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GIMP 10th Anniversary Splash Contest Winner Announced

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  • by User 956 (568564) on Friday December 30, 2005 @06:50AM (#14363721) Homepage
    "Gimp Splash 10". That sounds like a movie you don't want your girlfriend finding under your couch.
  • Eeeeuuuuh! (Score:3, Insightful)

    by peterpi (585134) on Friday December 30, 2005 @06:55AM (#14363727)
    The gimp slashdot icon animates!

    I thought I was seeing things.

  • by Phariom (941580) on Friday December 30, 2005 @06:58AM (#14363737)
    "We are collecting images with tutorials... "

    "Unfortunately the winning entry wasn't accompanied with a tutorial..."
  • Don't like it (Score:5, Interesting)

    by Anonymous Coward on Friday December 30, 2005 @07:01AM (#14363743)
    The top lettering ruins the image, it looks like a homepage logo from 1998. I would remove the text at the top, crop the gauge tighter and overlay a more subtle version number in the bottom right. What does everyone else think?
    • This bodes ill... (Score:5, Insightful)

      by DwarfGoanna (447841) on Friday December 30, 2005 @09:08AM (#14364024)
      I think its become painfully clear that very few graphic designers (not to mention graphic design students, who would normally jump on a contest like this) use the GIMP. This would get killed in a freshmen level critique, and rejected by all but the least design conscious clients........and it won the fucking GIMP contest.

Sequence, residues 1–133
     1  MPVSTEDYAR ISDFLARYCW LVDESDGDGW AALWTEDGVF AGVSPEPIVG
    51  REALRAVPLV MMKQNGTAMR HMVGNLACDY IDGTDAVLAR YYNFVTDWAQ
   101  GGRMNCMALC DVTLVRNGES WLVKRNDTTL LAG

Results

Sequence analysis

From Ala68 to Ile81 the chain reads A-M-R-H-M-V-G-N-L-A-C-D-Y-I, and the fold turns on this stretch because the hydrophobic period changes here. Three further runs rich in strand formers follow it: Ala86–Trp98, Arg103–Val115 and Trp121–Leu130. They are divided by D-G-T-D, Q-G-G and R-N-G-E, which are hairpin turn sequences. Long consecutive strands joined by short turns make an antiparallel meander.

I'm not trolling, I love Free Software and have a soft spot for the GIMP especially, but this says a lot about the user base.

      • After looking through the rejected submissions, they passed up some really strong designs for this crap. Amazing.
        • they also passed up many even worse entries. overall these are a bunch of butt-ugly pieces of amateur artwork.
      • Rant time (Score:3, Interesting)

        by TheSpoom (715771) *
        I've always thought that the GIMP was the graphic tool of choice... for developers. I mean, think about it; it's open source! It runs on Linux! It does things comparable to Photoshop and has lots of cool-looking effects!